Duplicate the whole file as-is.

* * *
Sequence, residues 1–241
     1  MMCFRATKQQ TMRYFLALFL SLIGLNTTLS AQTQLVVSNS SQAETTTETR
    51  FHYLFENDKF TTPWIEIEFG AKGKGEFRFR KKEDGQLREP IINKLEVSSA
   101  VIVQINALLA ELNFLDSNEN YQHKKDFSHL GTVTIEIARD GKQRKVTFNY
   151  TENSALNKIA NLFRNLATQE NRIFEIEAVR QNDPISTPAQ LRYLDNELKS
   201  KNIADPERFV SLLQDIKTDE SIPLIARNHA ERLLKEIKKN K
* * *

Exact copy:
Sequence, residues 1–241
     1  MMCFRATKQQ TMRYFLALFL SLIGLNTTLS AQTQLVVSNS SQAETTTETR
    51  FHYLFENDKF TTPWIEIEFG AKGKGEFRFR KKEDGQLREP IINKLEVSSA
   101  VIVQINALLA ELNFLDSNEN YQHKKDFSHL GTVTIEIARD GKQRKVTFNY
   151  TENSALNKIA NLFRNLATQE NRIFEIEAVR QNDPISTPAQ LRYLDNELKS
   201  KNIADPERFV SLLQDIKTDE SIPLIARNHA ERLLKEIKKN K